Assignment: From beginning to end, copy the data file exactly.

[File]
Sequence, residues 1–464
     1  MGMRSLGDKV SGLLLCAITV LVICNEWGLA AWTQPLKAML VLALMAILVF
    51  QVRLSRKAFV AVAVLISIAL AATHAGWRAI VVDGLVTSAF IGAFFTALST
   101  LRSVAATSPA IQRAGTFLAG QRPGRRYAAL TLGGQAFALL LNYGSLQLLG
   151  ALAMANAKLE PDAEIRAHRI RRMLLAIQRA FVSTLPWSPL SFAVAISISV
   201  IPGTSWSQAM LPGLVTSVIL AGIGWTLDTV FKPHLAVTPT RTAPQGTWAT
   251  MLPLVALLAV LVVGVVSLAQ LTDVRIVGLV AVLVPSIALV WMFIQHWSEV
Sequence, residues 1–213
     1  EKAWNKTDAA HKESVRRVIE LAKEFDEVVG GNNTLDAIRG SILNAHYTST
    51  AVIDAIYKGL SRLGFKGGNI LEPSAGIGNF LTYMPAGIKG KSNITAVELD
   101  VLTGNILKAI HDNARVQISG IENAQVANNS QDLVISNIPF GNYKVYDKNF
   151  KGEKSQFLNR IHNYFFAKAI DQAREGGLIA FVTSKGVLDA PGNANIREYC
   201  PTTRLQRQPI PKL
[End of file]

Sequence, residues 1–464
     1  MGMRSLGDKV SGLLLCAITV LVICNEWGLA AWTQPLKAML VLALMAILVF
    51  QVRLSRKAFV AVAVLISIAL AATHAGWRAI VVDGLVTSAF IGAFFTALST
   101  LRSVAATSPA IQRAGTFLAG QRPGRRYAAL TLGGQAFALL LNYGSLQLLG
   151  ALAMANAKLE PDAEIRAHRI RRMLLAIQRA FVSTLPWSPL SFAVAISISV
   201  IPGTSWSQAM LPGLVTSVIL AGIGWTLDTV FKPHLAVTPT RTAPQGTWAT
   251  MLPLVALLAV LVVGVVSLAQ LTDVRIVGLV AVLVPSIALV WMFIQHWSEV
Sequence, residues 1–213
     1  EKAWNKTDAA HKESVRRVIE LAKEFDEVVG GNNTLDAIRG SILNAHYTST
    51  AVIDAIYKGL SRLGFKGGNI LEPSAGIGNF LTYMPAGIKG KSNITAVELD
   101  VLTGNILKAI HDNARVQISG IENAQVANNS QDLVISNIPF GNYKVYDKNF
   151  KGEKSQFLNR IHNYFFAKAI DQAREGGLIA FVTSKGVLDA PGNANIREYC
   201  PTTRLQRQPI PKL